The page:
Download Children of Cambodia's Killing Fields: Memoirs by Survivors by Dith Pran, Kim DePaul, Ben Kiernan PDF

By Dith Pran, Kim DePaul, Ben Kiernan

This amazing ebook includes eyewitness debts of existence in Cambodia in the course of Pol Pot's genocidal Khmer Rouge regime from 1975 to 1979, debts written through survivors who have been youngsters on the time. The publication has been prepare by means of Dith Pran, whose personal stories in Cambodia have been so graphically portrayed within the movie The Killing Fields.

The tales similar right here endure poignant witness to the slaughter the Khmer Rouge inflicted at the Cambodian humans. The individuals -- such a lot of them now within the usa and pictured in photos that accompany their tales -- file on lifestyles in Democratic Kampuchea as noticeable via children's eyes. They communicate in their bewilderment and ache as Khmer Rouge cadres tore their households aside, subjected them to harsh brainwashing, drove them from their houses to paintings in forced-labor camps, and accomplished captives in entrance of them. Their tales inform of agony and the lack of innocence, the fight to outlive opposed to all odds, and the last word triumph of the human spirit.

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Extra info for Children of Cambodia's Killing Fields: Memoirs by Survivors (Southeast Asia Studies)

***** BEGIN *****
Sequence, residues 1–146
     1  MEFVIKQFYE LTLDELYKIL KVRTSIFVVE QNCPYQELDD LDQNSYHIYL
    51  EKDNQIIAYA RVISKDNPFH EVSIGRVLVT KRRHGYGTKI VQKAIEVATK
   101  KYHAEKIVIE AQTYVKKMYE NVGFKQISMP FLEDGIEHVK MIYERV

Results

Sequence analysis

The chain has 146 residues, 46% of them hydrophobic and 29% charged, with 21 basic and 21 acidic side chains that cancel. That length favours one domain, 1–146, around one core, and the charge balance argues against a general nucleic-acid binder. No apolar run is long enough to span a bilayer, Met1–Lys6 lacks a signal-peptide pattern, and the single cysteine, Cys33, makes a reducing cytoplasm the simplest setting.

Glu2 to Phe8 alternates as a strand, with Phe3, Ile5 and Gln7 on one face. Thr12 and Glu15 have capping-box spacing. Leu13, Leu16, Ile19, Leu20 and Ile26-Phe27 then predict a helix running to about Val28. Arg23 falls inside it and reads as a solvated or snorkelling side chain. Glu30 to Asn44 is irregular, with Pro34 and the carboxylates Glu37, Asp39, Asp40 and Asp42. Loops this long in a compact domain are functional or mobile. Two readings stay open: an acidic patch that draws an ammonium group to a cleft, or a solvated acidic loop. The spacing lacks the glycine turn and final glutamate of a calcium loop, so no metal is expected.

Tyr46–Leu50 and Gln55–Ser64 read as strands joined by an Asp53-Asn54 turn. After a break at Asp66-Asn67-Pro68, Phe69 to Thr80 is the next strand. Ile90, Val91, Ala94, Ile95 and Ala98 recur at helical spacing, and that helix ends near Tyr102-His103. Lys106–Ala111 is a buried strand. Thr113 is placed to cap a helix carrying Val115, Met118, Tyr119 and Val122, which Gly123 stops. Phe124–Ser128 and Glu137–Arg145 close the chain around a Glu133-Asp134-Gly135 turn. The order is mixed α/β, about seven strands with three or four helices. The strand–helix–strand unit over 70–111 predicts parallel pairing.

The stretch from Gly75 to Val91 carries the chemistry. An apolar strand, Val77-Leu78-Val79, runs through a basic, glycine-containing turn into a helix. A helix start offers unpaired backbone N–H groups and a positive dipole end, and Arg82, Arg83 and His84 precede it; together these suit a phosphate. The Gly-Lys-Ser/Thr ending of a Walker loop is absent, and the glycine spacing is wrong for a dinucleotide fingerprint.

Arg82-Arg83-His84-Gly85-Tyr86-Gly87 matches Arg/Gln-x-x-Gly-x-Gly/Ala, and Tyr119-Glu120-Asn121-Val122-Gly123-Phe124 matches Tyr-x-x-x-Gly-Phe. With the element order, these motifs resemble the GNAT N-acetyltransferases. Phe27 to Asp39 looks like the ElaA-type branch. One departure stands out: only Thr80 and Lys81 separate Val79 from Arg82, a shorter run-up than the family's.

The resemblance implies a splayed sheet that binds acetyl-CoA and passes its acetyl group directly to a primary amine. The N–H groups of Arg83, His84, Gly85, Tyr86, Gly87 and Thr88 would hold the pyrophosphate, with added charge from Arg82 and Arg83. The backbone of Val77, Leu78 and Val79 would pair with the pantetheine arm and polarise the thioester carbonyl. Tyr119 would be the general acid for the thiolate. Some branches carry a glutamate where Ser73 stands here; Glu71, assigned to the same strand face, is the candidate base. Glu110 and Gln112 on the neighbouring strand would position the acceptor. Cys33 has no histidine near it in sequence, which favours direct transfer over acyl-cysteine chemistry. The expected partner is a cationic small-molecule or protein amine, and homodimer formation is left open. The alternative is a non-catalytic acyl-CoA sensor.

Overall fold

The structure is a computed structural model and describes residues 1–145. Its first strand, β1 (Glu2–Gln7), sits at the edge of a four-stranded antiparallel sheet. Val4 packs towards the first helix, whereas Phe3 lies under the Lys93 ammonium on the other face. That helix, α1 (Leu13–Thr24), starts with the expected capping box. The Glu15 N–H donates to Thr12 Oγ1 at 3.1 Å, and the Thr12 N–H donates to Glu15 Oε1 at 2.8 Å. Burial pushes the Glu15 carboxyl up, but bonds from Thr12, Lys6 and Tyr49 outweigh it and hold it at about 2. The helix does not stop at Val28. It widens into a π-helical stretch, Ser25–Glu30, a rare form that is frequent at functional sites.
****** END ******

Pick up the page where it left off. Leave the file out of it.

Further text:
Sample text

I shivered all day long. My sisters had to take turns lying on top of me to stop me from shivering to death. My family once again had to face the fact that another one of their children may die. My body had turned yellow by now, but I was a fighter and I wanted to live. It wasn't long after my illness that we had to move to a new village in Battambang, which was supposed to be a better place. A big military truck came to move us along with SREYTOUCH SVAY-RYSER about half of the village people. We took our few belongings.

Soon after, my other aunt died. We found her body already stiff when we woke one morning. The neighbors helped us bury them but we had no grave markers. So many had been buried around the village that it was impossible to keep track of the burial places. By the next day, we couldn't tell where their graves were. Within about three months after the deaths of my aunts, my grandmother died, and then my older sister. She had already buried her husband and children, and she had nothing to live for. The rest of us continued to struggle to survive.

I had to feed them, change their ragged cloth diapers, give them baths, and sing to them. I also had to water the vegetable garden, going down to the river and back, carrying the heavy water. I looked into my mother's eyes and I told her what I saw that afternoon. My mother became stiff. She couldn't move her jaw muscles. She kept looking at me for a few minutes. Then she told me not to mention the incident to anyone. That night the man was killed by two gunshots. Angka killed him because he was an educated man.

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